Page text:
It is common for JTC Corporation ("JTC") to grant leases for an initial lease term, with an option for a further lease term upon the satisfaction of certain conditions. This client update explains the issues that a financing bank may encounter when taking security over such leases and the possible solutions that may be adopted.
A mortgage is commonly taken by a bank over the initial JTC lease.
The mortgage only secures the initial JTC lease. Two issues to consider upon the expiry of the initial JTC lease are:
(a) Security over the further JTC lease
Upon the expiry of the initial JTC lease, the mortgage will correspondingly lapse as well, as it only secures the initial JTC lease. The mortgage will not automatically secure the further JTC lease upon its issuance. Further security documentation and steps are required for the bank to have security over the further JTC lease; and
(b) The gap period between the expiry of the initial JTC lease and issuance of the further JTC lease
There may be a gap period between the expiry of the initial JTC lease and issuance of the further JTC lease. The bank is technically unsecured during this gap period. The bank will have to consider the usual issues such as: (i) the ability and willingness of the borrower to create security when the further JTC lease is issued; (ii) insolvency issues during the gap period; and (iii) competing third party interest (eg conflicting security interest and negative pledge).
Debenture – fixed and floating charge
The bank can obtain a debenture which creates a fixed and floating charge over all the present and future assets of the borrower, in addition to the mortgage of the JTC lease. The debenture will create security over the further JTC lease upon its issuance. It will also contain the usual negative pledge to prevent the creation of security over the future JTC lease in favour of other parties. The debenture is in addition to a specific security by way of a mortgage over the further JTC lease upon its issuance.
Undertaking to extend the lease and create security over the further JTC lease
The bank can require the borrower to undertake to meet all the conditions and take all the steps for JTC to issue the further JTC lease and thereafter create security over the further JTC lease. The undertaking can be included in the finance documents or in a separate deed of undertaking. If the undertaking includes an obligation to create security over the further JTC lease upon its issuance, it would need to be registered under section 131 of the Companies Act as it amounts to an agreement to create a charge which is registrable.1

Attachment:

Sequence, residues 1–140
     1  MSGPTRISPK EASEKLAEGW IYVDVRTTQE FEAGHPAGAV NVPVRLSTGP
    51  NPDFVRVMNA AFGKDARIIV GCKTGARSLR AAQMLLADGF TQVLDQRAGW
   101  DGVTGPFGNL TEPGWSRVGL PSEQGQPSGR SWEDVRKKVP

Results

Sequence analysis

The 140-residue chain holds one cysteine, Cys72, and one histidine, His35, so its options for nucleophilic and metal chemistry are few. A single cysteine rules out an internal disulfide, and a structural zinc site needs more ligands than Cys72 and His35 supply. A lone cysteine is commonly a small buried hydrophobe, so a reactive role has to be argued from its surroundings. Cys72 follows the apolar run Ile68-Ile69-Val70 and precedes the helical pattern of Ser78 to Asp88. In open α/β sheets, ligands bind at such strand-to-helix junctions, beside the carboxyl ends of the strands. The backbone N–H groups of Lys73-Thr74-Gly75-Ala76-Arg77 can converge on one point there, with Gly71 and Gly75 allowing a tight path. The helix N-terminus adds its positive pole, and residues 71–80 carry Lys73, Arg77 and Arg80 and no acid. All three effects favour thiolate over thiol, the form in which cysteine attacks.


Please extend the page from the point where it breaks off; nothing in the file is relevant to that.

Assignment of the future JTC lease with mortgage in escrow
The bank can also consider an assignment, together with a mortgage in escrow, of the further JTC lease prior to its issuance.2 Additional steps including the lodging of a caveat, registration under section 131 of the Companies Act, and complying with the usual JTC requirements for creating security over JTC leases (eg notice of mortgage) would also have to be considered. It would also be advisable to engage with JTC on a case by case basis, if this option is chosen.
The mortgage in escrow would be completed upon JTC's grant of the further JTC lease and the registration of the mortgage with the Singapore Land Authority. Additional steps such as entering into a supplemental security document, completing a variation of charge, and issuing a fresh notice of mortgage would also have to be considered.
It is important for banks to understand the issues and solutions when taking security over a further JTC lease. Banks should also engage the borrower and JTC in a timely manner on the modus operandi relating to the lease extension and security. This is often dependent on the factual matrix of each case.
1 See the definition of "Charge" in section 4 of the Companies Act (Cap 50, 2006 Rev Ed) ("Companies Act"); see also Diablo Fortune Inc v Duncan, Cameron Lindsay and another  SGCA 26.
2 It is noted that the effectiveness of the assignment and the nature of the security that is created due to the assignment is not an issue that is completely settled.
The content of this article is intended to provide a general guide to the subject matter. Specialist advice should be sought about your specific circumstances.